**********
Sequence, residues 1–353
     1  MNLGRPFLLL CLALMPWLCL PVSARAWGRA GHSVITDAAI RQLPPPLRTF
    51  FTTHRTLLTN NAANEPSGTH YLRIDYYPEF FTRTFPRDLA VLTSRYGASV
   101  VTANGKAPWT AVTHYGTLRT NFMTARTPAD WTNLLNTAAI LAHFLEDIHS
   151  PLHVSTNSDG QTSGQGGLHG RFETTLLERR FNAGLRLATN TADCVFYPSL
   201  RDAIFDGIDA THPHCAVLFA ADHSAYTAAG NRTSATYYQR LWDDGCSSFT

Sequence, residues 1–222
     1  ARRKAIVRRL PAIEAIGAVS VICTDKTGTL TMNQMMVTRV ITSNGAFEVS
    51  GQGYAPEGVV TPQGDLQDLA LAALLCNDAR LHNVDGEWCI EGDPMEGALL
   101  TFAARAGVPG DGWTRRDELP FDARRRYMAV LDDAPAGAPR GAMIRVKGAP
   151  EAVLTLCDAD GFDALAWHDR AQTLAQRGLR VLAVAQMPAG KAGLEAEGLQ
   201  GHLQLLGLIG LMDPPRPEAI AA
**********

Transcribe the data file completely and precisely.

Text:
Sequence, residues 1–353
     1  MNLGRPFLLL CLALMPWLCL PVSARAWGRA GHSVITDAAI RQLPPPLRTF
    51  FTTHRTLLTN NAANEPSGTH YLRIDYYPEF FTRTFPRDLA VLTSRYGASV
   101  VTANGKAPWT AVTHYGTLRT NFMTARTPAD WTNLLNTAAI LAHFLEDIHS
   151  PLHVSTNSDG QTSGQGGLHG RFETTLLERR FNAGLRLATN TADCVFYPSL
   201  RDAIFDGIDA THPHCAVLFA ADHSAYTAAG NRTSATYYQR LWDDGCSSFT

Sequence, residues 1–222
     1  ARRKAIVRRL PAIEAIGAVS VICTDKTGTL TMNQMMVTRV ITSNGAFEVS
    51  GQGYAPEGVV TPQGDLQDLA LAALLCNDAR LHNVDGEWCI EGDPMEGALL
   101  TFAARAGVPG DGWTRRDELP FDARRRYMAV LDDAPAGAPR GAMIRVKGAP
   151  EAVLTLCDAD GFDALAWHDR AQTLAQRGLR VLAVAQMPAG KAGLEAEGLQ
   201  GHLQLLGLIG LMDPPRPEAI AA